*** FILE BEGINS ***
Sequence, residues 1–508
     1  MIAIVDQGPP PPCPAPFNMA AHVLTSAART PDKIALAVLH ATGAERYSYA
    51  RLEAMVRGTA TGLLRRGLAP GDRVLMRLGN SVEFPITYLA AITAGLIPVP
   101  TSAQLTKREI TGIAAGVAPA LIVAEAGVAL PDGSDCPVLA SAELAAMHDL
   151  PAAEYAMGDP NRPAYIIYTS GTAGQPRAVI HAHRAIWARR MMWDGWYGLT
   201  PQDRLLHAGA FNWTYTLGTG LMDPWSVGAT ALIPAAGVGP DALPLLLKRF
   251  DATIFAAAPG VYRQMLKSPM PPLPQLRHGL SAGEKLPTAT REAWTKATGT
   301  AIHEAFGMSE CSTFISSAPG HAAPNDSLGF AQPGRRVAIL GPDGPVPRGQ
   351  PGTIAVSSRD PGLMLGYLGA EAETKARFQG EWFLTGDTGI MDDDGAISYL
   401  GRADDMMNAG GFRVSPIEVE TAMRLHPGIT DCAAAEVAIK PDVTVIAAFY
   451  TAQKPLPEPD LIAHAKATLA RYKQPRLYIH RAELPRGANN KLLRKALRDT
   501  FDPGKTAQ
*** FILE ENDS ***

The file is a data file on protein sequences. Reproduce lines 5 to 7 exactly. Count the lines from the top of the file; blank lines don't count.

   151  PAAEYAMGDP NRPAYIIYTS GTAGQPRAVI HAHRAIWARR MMWDGWYGLT
   201  PQDRLLHAGA FNWTYTLGTG LMDPWSVGAT ALIPAAGVGP DALPLLLKRF
   251  DATIFAAAPG VYRQMLKSPM PPLPQLRHGL SAGEKLPTAT REAWTKATGT